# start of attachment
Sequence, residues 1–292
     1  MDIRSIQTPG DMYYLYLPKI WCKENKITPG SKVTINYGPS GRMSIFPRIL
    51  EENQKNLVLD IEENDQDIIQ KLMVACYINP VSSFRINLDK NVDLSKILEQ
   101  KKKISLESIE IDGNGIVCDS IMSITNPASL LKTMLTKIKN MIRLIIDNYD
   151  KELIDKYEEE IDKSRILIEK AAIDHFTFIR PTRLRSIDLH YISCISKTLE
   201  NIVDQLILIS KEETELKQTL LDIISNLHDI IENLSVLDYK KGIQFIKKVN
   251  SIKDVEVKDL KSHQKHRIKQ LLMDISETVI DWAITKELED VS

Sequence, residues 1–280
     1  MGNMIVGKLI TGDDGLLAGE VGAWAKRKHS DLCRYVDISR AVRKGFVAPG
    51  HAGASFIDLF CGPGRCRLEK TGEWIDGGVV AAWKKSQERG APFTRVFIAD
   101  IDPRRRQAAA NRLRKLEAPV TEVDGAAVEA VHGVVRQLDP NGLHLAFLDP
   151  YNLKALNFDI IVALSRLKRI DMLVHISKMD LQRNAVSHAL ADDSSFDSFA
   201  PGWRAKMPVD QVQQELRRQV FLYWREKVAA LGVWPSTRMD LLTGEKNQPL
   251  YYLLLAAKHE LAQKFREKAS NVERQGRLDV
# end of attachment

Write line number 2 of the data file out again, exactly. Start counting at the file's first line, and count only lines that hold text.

     1  MDIRSIQTPG DMYYLYLPKI WCKENKITPG SKVTINYGPS GRMSIFPRIL